For over 150 years, iconic retailer Carter’s, Inc., whose brands include the well-known Carter’s and OshKosh B’gosh, has been outfitting generations of children. Carter’s is the leading brand of clothing items for children in the US — for every child born in the US, Carter’s sells the equivalent of 10 products, including bodysuits, jumpers, fleece pajamas, dinosaur shirts, and anything else that can be buttoned, zipped, or fastened to an infant, toddler, or young child.
With merchandise sold in more than 1,000 company-owned stores, in most large retail department stores, and online, Carter’s has hundreds of thousands of transactions touching its financial systems every day. For many years, these transactions flowed through a network of more than 20 legacy financial systems, including a patchwork of homegrown and bolt-on solutions. Manual processes helped to fill in the gaps and blind spots that system integrations didn’t address. Enhancing visibility into these processes was a key driver behind Carter’s decision to streamline its legacy environment.
Frank Florian, Director of SAP Finance Systems at Carter’s, cites managing chargebacks as an example of a manual process Carter’s wanted to simplify. “It was a protracted process that involved a lot of data entry and tracking down spreadsheets, folders, emails, and faxes across various systems before a specific chargeback could be reconciled to the appropriate ledger,” he says.
With plans for continued growth and a need for improved visibility into a host of financial processes, Carter’s kicked off the “Vision to Value” initiative in 2015 with an overarching goal of moving its finance operations into the 21st century to keep pace with an increasingly digital economy and to better serve both the business and customers. While this transition would clearly require moving to a centralized ERP system and decommissioning some outdated systems, Carter’s also viewed the project as an opportunity to modernize its financial processes.
“We wanted to transform the role of the finance function from transaction processing to support analytics and decision guidance,” says York Rasmusson, Senior Director of Finance Transformation at Carter’s. “This meant streamlining and simplifying financial processes so the department isn’t so busy creating reports that it doesn’t have time to analyze and interpret the results.”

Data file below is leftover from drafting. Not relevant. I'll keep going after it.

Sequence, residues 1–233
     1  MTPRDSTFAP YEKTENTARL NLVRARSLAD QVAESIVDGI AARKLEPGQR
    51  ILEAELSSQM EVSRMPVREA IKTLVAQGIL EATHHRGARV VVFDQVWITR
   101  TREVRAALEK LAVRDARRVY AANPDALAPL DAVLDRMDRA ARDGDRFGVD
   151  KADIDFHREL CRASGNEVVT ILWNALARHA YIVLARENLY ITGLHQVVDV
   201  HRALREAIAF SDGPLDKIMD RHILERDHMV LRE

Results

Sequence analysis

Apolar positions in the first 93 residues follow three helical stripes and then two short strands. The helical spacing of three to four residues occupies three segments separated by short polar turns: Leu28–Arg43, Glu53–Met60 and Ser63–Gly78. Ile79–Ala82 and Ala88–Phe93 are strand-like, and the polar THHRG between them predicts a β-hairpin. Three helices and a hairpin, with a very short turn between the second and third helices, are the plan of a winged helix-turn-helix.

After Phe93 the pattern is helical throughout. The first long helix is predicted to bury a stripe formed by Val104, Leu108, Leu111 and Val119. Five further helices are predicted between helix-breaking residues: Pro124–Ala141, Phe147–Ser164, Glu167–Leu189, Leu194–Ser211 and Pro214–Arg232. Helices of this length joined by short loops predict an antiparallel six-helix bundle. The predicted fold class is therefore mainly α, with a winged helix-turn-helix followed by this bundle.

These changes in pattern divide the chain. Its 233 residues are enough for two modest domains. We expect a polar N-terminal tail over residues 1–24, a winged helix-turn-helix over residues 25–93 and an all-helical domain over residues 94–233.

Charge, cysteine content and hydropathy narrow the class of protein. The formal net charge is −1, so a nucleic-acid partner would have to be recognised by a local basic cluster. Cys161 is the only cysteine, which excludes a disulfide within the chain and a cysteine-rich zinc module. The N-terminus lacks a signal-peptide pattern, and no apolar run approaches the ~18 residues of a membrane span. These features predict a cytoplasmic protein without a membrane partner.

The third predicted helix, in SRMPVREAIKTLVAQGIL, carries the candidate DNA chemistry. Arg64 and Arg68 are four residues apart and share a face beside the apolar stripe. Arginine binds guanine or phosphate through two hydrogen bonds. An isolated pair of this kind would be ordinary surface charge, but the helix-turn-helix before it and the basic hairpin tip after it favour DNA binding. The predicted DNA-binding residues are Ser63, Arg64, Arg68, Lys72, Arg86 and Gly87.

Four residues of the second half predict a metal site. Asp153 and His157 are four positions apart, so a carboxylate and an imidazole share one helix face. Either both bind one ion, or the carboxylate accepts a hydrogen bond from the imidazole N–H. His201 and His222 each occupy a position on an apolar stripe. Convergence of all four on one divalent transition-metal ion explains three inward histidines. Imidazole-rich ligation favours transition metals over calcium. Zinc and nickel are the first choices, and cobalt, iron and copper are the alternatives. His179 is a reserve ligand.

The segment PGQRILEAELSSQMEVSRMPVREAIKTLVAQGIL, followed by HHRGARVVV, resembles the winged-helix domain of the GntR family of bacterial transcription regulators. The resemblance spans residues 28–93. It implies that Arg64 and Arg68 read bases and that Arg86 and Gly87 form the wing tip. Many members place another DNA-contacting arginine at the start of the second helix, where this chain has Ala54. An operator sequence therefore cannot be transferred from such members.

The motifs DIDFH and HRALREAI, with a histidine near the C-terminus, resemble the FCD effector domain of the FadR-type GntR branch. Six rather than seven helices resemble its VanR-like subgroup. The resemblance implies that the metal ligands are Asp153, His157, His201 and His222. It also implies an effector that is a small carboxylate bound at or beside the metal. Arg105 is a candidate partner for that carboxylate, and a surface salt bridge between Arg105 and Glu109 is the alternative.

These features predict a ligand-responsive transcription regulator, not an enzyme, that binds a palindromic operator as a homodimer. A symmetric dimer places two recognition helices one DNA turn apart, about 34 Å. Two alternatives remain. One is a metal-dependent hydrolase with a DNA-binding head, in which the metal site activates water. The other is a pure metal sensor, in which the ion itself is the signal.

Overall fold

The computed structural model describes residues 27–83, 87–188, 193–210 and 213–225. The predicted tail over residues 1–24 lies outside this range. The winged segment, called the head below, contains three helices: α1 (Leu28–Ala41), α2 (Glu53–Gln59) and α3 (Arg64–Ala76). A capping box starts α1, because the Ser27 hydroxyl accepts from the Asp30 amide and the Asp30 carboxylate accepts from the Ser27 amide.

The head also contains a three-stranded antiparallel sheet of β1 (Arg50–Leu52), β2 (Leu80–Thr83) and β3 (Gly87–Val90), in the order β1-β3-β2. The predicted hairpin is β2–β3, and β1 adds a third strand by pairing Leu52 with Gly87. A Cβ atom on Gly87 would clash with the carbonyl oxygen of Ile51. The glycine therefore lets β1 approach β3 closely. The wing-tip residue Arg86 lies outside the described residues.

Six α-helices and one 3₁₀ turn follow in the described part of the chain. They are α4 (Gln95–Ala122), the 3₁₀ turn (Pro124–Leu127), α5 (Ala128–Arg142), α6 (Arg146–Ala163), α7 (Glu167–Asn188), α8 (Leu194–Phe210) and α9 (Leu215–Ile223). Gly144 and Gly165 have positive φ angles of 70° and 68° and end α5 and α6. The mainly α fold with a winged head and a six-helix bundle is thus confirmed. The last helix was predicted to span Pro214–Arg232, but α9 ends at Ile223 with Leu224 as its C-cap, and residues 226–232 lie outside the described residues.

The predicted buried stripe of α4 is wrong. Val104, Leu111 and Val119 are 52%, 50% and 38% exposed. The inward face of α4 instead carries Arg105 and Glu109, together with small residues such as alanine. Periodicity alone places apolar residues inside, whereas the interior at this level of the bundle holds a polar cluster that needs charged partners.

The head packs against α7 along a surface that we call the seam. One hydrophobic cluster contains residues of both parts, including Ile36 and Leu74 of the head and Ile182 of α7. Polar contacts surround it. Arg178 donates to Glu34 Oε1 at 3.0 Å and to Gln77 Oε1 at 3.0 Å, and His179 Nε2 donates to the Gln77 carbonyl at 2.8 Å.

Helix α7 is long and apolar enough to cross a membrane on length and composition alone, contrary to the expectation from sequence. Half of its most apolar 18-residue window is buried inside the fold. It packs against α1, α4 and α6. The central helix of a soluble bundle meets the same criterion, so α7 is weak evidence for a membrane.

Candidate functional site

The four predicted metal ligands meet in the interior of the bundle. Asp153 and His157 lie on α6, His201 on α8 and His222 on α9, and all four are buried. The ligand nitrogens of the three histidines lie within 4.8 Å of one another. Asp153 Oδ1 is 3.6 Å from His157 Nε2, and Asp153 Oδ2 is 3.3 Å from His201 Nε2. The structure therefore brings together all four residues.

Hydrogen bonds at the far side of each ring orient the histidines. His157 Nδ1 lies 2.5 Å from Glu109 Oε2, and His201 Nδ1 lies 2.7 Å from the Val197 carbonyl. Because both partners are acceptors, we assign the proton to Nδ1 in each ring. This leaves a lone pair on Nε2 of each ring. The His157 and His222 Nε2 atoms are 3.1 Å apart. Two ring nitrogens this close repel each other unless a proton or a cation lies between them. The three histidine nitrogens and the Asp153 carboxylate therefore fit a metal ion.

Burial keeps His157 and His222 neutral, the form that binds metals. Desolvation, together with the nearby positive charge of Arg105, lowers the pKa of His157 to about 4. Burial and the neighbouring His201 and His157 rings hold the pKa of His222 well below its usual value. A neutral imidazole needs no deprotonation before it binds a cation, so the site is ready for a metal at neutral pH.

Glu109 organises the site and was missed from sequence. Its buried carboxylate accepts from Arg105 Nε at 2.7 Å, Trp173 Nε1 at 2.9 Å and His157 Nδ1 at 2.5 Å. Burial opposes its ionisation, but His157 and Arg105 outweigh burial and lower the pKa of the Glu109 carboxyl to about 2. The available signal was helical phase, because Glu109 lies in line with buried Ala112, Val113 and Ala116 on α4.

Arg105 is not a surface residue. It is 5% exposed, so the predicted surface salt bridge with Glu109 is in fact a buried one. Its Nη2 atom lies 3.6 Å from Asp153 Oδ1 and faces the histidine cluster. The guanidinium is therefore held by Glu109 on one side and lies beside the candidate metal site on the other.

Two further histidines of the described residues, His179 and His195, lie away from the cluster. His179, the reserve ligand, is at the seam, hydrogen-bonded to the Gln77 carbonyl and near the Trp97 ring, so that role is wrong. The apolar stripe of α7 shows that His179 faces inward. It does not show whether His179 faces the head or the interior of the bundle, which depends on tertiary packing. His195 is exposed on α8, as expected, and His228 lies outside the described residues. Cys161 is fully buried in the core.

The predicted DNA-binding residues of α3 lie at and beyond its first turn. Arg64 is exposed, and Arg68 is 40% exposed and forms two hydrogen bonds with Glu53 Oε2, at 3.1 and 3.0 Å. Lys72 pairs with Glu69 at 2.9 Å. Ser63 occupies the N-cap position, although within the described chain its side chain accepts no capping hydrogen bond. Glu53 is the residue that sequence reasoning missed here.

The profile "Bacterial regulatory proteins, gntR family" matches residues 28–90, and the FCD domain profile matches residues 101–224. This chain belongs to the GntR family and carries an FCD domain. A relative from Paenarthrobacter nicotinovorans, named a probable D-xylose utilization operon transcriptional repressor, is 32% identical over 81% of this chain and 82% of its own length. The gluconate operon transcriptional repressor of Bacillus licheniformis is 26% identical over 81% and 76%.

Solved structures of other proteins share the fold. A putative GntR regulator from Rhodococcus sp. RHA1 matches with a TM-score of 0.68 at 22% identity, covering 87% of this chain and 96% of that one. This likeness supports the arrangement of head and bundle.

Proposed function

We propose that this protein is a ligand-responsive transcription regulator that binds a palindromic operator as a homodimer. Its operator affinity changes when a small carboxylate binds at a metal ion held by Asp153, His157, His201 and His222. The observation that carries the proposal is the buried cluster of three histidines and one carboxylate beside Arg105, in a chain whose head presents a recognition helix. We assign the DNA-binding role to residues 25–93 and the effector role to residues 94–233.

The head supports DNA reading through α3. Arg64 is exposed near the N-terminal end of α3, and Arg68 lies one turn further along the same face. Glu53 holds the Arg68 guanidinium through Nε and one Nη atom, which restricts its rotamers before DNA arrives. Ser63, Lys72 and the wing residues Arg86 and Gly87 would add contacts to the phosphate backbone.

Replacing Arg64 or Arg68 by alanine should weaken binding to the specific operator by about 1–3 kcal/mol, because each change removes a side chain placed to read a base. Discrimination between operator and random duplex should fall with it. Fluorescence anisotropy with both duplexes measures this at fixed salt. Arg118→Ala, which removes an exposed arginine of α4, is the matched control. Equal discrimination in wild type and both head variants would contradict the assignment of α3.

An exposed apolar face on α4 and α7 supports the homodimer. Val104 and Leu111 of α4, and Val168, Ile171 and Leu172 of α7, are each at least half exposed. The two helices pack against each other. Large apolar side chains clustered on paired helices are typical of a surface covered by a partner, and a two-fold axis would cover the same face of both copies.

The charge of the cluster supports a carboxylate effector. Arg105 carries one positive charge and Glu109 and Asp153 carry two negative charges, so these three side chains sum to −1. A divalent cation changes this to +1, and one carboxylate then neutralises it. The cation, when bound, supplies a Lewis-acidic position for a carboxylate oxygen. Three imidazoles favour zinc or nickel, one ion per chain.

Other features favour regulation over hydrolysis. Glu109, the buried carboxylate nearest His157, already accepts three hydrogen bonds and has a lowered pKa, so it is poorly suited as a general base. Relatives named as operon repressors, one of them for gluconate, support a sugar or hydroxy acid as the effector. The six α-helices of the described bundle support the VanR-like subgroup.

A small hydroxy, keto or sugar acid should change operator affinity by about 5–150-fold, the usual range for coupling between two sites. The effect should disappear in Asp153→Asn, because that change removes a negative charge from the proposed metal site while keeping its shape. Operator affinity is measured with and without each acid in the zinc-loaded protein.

Starting to Explore
Prior to retooling its financial processes, Carter’s put out a request for proposals for a modern ERP solution that would support a transition to a digital-first approach. The business restricted its search to top-tier ERP solutions that could grow to scale from a transactional standpoint and provide Carter’s with the option to migrate other lines of business and functions beyond finance onto the new platform, including supply chain, warehouse management, and order management. To support that goal, the selection committee included members from many business departments, and demo scripts presented to vendors included a variety of process types.
A lengthy evaluation process concluded in mid-2015 with the decision to go with SAP software. Other than the Concur and SAP SuccessFactors solutions that Carter’s already had in place, this represented the company’s first foray into an SAP enterprise solution. “SAP met our requirements better than any competitor, and it was a clear and rather straightforward decision,” says Rasmusson. “We looked at both SAP S/4HANA and SAP ERP 6.0, and we ended up choosing SAP S/4HANA. The main driver for this selection was that the magnitude of this project was such that we didn’t want to revisit this decision and have to re-platform one or two years down the road.”
Carter’s elected to partner with Deloitte as a consultant and systems integrator primarily for its core competencies, which include an auditing background, extensive expertise with SAP implementations, including SAP S/4HANA, and experience helping organizations spearhead process improvements. “Being an auditing firm at its core, we knew Deloitte would have expertise around controls, security, finance, and accounting, but other distinguishing factors were its deep experience in SAP S/4HANA and highly qualified individuals that matched our culture and our people,” says Rasmusson. “It comes down to having the right people, and I think we chose well with Deloitte as our implementation partner.” (For more information on Deloitte’s role in the project, refer to the sidebar at the end of the article.)
According to Rasmusson, the business process redesign that Carter’s underwent was just as pivotal to the success of the project as the SAP solution itself. “The very process of implementing a new technology provided Carter’s with the opportunity to transform older and inefficient processes into modern, best-practice processes,” he says. “To undertake this process transformation in line with a move to a tier one ERP system, we had to benchmark the way that we were doing things against what the best practices dictate.”
Implementing a new technology provided Carter’s with the opportunity to transform older and inefficient processes into modern, best-practice processes.
—York Rasmusson, Senior Director of Finance Transformation, Carter’s, Inc.
Taking First Steps